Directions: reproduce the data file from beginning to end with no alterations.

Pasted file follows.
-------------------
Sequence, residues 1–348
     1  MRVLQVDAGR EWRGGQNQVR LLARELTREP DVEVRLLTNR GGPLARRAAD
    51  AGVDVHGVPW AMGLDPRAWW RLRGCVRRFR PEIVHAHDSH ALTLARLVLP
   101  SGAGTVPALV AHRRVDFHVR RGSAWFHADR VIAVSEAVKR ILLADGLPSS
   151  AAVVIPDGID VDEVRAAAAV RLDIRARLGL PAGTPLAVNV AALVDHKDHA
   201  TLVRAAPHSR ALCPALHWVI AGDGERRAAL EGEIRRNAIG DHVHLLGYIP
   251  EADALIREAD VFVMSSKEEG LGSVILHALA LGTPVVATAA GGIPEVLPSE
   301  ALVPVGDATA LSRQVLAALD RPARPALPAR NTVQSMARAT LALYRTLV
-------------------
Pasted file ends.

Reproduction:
Sequence, residues 1–348
     1  MRVLQVDAGR EWRGGQNQVR LLARELTREP DVEVRLLTNR GGPLARRAAD
    51  AGVDVHGVPW AMGLDPRAWW RLRGCVRRFR PEIVHAHDSH ALTLARLVLP
   101  SGAGTVPALV AHRRVDFHVR RGSAWFHADR VIAVSEAVKR ILLADGLPSS
   151  AAVVIPDGID VDEVRAAAAV RLDIRARLGL PAGTPLAVNV AALVDHKDHA
   201  TLVRAAPHSR ALCPALHWVI AGDGERRAAL EGEIRRNAIG DHVHLLGYIP
   251  EADALIREAD VFVMSSKEEG LGSVILHALA LGTPVVATAA GGIPEVLPSE
   301  ALVPVGDATA LSRQVLAALD RPARPALPAR NTVQSMARAT LALYRTLV